For anyone who thinks that ballet is boring and old-fashioned, I would give Ballerina a read! There are as many scandals behind the scenes in ballet as in any other art form, and given that the art form is close to five centuries old, there are a fair few built up. I’ve met quite a few of the dancers from the Royal Winnipeg Ballet who are all lovely and well-adjusted people who simply love what they do, so I can’t speak to personally witnessing any scandal but I’m sure it’s out there. The dancers of the past didn’t necessarily have a work-life balance with the physical and mental supports that are in place now, and I don’t think that they thought of ballet as a job as many dancers do now. (I believe that this is a good thing, as it gives them a healthy distance.) Still, Kelly gives you a fascinating peak into some of the more scandalous things that have happened in the ballet world!

Bolshoi Confidental, Simon Morrison, Ballet, History, Russia, Bolshoi Theatre

Bolshoi Confidential: Secrets of the Russian Ballet from the Rule of the Tsars to TodaySimon Morrison

The Bolshoi Ballet is one of the world’s oldest and most enigmatic ballet companies in the world, and they have no shortage of intrigue, drama, and excitement. Part of the draw of the Bolshoi is that they can be rather secluded and closed off to the outside world, Bolshoi Confidential takes you backstage through the history of the Bolshoi and doesn’t hide any of the nitty gritty that they probably didn’t want anything to know. Scandals of all sorts- affairs, pregnancies, arguments, and most notably the 2012 attack when artistic director Sergei Filin had acid thrown in his face. I have read the histories of many companies- the Royal Winnipeg Ballet, the Royal New Zealand Ballet, the National Ballet of Canada, the Royal Ballet. However, none seemed to face quite the upheaval and uncertainty that plagued the Bolshoi for decades, and if nothing else, I would read this for the sections during the revolution. I was lucky enough to see Morrison give a talk on Bolshoi Confidential, and he is an incredibly gifted historian!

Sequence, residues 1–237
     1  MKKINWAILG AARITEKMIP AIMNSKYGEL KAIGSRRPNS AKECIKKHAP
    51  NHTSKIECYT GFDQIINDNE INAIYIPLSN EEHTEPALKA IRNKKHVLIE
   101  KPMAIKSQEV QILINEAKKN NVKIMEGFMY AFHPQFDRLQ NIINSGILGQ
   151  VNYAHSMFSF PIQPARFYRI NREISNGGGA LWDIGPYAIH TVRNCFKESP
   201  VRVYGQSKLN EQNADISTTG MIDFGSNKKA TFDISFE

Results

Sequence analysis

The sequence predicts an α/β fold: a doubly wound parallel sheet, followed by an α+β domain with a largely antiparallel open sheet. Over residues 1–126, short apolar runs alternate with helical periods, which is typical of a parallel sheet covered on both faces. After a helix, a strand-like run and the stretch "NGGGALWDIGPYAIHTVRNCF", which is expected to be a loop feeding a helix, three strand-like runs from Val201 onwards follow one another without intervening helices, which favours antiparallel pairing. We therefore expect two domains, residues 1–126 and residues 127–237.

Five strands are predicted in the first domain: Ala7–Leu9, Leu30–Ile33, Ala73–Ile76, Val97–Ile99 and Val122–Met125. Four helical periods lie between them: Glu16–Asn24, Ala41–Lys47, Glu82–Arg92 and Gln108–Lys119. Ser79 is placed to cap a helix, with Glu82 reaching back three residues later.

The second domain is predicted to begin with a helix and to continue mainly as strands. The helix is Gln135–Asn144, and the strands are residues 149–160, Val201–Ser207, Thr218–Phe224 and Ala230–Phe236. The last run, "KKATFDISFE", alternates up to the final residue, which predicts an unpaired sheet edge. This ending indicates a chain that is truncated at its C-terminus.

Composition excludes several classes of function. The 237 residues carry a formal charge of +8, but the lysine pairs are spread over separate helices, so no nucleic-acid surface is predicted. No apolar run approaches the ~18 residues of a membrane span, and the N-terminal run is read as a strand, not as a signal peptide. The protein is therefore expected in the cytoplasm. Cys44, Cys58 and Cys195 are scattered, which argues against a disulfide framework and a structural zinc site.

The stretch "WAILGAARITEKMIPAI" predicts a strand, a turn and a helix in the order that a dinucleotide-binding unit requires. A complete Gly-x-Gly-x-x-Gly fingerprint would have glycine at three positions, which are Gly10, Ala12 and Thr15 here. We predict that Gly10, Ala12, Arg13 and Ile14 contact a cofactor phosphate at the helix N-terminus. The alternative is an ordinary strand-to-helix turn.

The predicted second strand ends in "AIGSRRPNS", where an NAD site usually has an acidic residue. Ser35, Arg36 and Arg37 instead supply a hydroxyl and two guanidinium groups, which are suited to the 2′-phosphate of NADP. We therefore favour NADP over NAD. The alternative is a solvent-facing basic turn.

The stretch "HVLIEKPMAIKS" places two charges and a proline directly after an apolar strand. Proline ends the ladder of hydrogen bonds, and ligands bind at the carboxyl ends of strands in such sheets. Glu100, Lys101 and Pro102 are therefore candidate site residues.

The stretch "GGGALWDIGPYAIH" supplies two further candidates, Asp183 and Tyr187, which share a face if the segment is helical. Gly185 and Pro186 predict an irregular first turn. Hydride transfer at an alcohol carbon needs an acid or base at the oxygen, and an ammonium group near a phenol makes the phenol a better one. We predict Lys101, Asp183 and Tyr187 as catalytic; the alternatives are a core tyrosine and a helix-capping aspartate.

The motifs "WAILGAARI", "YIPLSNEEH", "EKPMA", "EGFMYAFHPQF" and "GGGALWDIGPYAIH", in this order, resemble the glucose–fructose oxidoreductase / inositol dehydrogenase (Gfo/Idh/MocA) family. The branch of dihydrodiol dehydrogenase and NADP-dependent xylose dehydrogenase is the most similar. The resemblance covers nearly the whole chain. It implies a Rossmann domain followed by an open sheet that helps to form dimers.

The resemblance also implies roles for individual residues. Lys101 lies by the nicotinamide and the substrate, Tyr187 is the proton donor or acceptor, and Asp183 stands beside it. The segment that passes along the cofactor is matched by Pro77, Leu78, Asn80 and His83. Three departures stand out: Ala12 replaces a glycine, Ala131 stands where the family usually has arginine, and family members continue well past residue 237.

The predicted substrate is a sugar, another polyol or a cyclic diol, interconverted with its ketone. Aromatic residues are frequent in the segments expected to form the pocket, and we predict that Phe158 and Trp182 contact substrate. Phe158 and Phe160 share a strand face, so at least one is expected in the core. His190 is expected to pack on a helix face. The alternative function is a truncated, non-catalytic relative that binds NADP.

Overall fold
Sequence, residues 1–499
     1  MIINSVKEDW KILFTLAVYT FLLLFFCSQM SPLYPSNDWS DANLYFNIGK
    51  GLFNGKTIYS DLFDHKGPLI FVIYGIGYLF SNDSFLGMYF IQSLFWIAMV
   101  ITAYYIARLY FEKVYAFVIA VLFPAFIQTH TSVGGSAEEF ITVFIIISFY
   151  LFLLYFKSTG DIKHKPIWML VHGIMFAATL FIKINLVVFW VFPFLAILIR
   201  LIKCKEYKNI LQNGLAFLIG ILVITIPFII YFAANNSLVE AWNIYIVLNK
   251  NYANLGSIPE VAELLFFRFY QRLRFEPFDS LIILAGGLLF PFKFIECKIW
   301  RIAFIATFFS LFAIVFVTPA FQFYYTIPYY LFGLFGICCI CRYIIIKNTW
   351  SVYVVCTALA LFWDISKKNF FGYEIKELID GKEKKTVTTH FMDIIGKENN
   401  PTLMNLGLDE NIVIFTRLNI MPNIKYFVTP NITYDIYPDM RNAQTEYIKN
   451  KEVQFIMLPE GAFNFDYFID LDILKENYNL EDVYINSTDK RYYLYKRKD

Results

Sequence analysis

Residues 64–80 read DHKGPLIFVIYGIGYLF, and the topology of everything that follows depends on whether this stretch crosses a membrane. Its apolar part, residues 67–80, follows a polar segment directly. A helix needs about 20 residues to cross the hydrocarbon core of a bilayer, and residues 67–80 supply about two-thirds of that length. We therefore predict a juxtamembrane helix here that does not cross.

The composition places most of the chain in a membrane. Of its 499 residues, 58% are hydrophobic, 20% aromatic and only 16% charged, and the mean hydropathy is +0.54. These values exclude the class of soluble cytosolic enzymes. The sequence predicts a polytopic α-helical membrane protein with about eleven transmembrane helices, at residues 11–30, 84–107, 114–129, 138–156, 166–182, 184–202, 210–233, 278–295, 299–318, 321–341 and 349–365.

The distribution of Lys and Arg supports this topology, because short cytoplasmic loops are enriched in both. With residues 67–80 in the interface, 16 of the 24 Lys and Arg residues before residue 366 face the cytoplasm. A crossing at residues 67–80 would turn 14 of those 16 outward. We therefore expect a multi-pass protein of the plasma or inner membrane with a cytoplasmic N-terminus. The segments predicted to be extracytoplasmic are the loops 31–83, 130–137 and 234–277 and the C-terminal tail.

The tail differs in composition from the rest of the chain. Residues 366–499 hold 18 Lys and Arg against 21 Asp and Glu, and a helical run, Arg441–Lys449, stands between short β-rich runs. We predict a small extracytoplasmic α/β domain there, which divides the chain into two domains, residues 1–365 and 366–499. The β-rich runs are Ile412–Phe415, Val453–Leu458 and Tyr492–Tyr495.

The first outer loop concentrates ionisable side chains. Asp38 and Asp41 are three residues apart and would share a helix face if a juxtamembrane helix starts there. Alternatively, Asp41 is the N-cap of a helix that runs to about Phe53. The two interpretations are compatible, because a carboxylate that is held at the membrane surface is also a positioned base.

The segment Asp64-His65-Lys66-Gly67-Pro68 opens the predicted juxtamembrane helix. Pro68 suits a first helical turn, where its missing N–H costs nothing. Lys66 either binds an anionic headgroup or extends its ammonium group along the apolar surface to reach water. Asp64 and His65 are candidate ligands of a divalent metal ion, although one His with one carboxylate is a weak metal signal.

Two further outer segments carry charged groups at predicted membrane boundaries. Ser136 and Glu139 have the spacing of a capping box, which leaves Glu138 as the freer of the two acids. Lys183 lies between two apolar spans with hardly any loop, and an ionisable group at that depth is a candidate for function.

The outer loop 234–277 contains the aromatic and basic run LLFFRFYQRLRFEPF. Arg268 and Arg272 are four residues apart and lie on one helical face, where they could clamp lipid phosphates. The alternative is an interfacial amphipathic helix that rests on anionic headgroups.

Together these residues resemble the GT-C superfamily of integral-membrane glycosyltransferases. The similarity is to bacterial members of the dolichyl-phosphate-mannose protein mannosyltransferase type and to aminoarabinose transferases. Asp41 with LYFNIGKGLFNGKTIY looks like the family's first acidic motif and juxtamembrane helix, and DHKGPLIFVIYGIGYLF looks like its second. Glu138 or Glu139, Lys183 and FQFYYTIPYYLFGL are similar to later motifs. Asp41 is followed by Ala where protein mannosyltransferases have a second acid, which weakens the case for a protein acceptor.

Nutcracker Nation, Nutcracker, Ballet, History, Christmas

Nutcracker Nation: How an Old World Ballet Became a Christmas Tradition in the New World, Jennifer Fisher

Given that the holiday season will be arriving soon-ish, it’s coming to the time when Christmas trees are decorated and sugarplums dance ’round our heads- The Nutcracker is an important holiday tradition for many of us! If you know anything about the ballet in the least, it’s probably The Nutcracker and Tchaikovsky. I actually wrote a research paper on the history of the Nutcracker myself, examining the different regional variations of the production (no two are ever the same!), but this is more of a complete history of it. If you aren’t a huge fan of The NutcrackerNutcracker Nation might not be for you. However, if you love to see it or hum along with Tchaikovsky, love the ballet in general, or just love the holiday season, this is the book for you!

I’ve read countless other books on ballet, but I think that these are a great way to get started. I don’t think that anyone needs to read a book before they go to the ballet, but some people find that having a bit of a background makes it more enjoyable, and these are all fantastic reads!

Have you seen any ballets? Which was your favourite?

Until tomorrow,
The Historian!

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20 thoughts on “Ballet Basics: The Books

  1. Claire Wong September 17, 2017 / 3:46 am

    The first ballet I ever saw was Coppelia, when I was five years old so I think if I had to choose a favourite it would be that one! Looking forward to reading the rest of your ballet series 🙂

    Like

    • anhistorianabouttown September 17, 2017 / 8:35 am

      Oh, Coppelia is a fantastic ballet! I always gravitate towards the story ballets, and Coppelia is so much fun 😊 Thank you for stopping by!

      Like

  2. April Munday September 17, 2017 / 5:36 am

    I don’t know much about the history of ballet except that it developed as part of a musical interlude during performances of plays in France.